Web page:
Equitable Participation in Biobanks: The Risks and Benefits of a 'Dynamic Consent" Approach (797)
Participation in biobanks tends to favor certain groups—white, middle-class, more highly-educated—often to the exclusion of others, such as indigenous people, the socially-disadvantaged and the culturally and linguistically diverse. Barriers to participation, which include age, location, cultural sensitivities around human tissue, and issues of literacy and language, can inﬂuence the diversity of samples found in biobanks. This has implications for the generalizability of research ﬁndings from biobanks being able to be translated into the clinic. Dynamic Consent, which is a digital decision-support tool, could improve participants’ recruitment to, and engagement with, biobanks over time and help to overcome some of the barriers to participation. However, there are also risks that it may deepen the “digital divide” by favoring those with knowledge and access to digital technologies, with the potential to decrease participant engagement in research. When applying a Dynamic Consent approach in biobanking, researchers should give particular attention to adaptations that can improve participant inclusivity, and evaluate the tool empirically, with a focus on equity-relevant outcome measures. This may help biobanks to fulﬁll their promise of enabling translational research that is relevant to all.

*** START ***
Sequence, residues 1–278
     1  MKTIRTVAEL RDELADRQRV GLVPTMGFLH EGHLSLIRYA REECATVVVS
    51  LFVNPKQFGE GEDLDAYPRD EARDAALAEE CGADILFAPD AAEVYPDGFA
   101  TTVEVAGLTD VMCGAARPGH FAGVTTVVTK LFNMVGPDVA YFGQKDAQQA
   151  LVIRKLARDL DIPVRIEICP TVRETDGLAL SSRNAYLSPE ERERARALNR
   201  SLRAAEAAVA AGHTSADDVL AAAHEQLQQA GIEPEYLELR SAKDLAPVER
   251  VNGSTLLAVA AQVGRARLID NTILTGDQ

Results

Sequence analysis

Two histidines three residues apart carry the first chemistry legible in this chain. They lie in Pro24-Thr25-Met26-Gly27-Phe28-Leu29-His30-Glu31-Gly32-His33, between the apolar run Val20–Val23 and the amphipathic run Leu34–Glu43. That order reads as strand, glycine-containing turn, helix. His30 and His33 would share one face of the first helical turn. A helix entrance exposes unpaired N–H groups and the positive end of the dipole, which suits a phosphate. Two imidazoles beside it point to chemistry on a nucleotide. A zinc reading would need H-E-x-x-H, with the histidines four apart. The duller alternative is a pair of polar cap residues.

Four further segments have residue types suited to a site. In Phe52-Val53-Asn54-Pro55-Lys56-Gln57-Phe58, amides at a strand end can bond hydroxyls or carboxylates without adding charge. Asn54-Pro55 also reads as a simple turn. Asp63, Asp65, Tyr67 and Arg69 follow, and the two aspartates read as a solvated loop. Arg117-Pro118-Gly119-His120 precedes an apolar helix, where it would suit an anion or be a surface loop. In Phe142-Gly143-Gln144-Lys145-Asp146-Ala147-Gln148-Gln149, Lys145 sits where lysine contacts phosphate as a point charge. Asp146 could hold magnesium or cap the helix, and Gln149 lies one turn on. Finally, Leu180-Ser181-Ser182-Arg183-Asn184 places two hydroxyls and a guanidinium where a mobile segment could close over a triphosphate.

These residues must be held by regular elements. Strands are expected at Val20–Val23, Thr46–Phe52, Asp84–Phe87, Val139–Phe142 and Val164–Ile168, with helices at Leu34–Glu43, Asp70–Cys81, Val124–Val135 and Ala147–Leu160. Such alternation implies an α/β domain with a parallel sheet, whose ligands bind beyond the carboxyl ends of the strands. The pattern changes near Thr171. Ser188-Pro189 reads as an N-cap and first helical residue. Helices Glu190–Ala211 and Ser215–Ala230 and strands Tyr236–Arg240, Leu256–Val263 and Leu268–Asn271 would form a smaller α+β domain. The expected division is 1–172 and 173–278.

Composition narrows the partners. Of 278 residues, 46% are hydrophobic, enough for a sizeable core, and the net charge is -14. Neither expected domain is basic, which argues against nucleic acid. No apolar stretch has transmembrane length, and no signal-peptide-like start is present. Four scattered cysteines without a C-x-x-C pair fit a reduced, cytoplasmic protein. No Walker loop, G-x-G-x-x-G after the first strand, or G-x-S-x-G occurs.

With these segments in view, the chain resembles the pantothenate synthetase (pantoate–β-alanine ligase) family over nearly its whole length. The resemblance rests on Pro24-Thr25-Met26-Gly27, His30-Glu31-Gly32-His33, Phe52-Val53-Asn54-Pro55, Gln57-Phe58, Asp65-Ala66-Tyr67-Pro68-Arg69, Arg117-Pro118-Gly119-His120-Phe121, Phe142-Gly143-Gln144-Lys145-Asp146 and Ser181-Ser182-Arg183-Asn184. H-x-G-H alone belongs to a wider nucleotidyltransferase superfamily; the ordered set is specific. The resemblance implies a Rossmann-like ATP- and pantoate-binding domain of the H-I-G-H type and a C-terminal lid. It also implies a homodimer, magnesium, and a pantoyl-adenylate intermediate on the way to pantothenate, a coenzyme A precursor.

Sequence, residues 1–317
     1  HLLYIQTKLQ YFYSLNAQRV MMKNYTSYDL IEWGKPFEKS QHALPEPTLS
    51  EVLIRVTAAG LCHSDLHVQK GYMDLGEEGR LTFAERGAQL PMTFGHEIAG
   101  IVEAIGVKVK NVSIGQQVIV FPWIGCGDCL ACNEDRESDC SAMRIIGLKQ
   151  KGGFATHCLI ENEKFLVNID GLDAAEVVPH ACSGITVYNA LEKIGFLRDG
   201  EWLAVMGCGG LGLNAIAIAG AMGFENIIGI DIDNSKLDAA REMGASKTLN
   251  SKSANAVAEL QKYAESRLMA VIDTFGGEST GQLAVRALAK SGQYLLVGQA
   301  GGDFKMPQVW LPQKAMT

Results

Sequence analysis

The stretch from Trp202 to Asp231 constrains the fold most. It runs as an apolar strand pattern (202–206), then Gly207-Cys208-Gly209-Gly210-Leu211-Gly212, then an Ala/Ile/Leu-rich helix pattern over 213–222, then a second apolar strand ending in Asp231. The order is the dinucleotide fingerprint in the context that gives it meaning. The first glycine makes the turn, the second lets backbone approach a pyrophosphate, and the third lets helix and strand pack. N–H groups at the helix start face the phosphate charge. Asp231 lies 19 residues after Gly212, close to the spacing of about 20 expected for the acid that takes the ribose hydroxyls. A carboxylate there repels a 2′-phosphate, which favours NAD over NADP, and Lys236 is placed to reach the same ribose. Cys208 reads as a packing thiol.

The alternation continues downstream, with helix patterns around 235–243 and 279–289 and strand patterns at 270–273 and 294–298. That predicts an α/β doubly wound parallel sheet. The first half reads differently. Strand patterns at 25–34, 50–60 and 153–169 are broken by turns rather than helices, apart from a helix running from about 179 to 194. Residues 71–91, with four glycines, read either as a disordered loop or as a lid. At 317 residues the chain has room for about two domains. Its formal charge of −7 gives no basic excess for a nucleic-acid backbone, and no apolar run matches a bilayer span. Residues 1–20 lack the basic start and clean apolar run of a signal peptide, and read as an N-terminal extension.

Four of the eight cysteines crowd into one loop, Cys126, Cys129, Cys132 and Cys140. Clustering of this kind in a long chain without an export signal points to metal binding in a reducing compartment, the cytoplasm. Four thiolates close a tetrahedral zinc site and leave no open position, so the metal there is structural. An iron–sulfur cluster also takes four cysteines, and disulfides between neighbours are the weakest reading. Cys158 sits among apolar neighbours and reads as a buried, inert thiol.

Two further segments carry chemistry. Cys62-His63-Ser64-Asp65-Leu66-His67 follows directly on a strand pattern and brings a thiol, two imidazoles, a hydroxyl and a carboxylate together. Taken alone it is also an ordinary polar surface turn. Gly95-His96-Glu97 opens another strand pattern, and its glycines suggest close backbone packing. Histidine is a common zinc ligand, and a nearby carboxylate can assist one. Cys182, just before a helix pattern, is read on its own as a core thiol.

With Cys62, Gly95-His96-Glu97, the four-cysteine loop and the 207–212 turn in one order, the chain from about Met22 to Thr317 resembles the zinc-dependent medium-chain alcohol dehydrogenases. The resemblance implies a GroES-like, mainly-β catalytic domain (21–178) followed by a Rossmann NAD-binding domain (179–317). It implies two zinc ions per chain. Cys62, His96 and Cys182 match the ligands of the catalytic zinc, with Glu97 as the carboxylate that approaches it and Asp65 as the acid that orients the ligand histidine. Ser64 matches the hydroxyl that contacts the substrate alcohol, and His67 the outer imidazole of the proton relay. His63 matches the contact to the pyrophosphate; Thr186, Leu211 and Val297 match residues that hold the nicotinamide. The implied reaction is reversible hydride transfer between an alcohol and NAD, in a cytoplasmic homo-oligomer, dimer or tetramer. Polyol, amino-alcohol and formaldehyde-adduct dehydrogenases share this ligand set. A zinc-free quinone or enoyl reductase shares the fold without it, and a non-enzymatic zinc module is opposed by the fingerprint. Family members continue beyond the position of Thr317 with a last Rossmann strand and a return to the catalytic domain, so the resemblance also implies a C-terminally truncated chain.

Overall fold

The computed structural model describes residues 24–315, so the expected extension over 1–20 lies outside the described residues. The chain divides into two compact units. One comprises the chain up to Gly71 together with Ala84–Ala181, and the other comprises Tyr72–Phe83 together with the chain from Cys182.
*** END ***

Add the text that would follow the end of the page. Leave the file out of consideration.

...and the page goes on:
Tim Baxter, George Gilligan and Cosima McRae
Australian Climate Change Regulation and Political Math (798)
This paper traces the tumultuous decade of Australian climate politics from 2007 to 2016 when climate change policy emerged as a defining issue in Australian politics. It focuses on the interplay, that we believe is unique, or at least uniquely powerful, between Australian climate policy and the perceived legitimacy of its political leaders. This interplay has seen the Prime Ministership change five times in ten years with climate change being a key determinant in the rise, fall, or rise and fall of each of their careers. The paper also engages strongly with the raw political math of a period where Australia’s houses of parliament were nearly as often opposed on climate policy as they were in sync.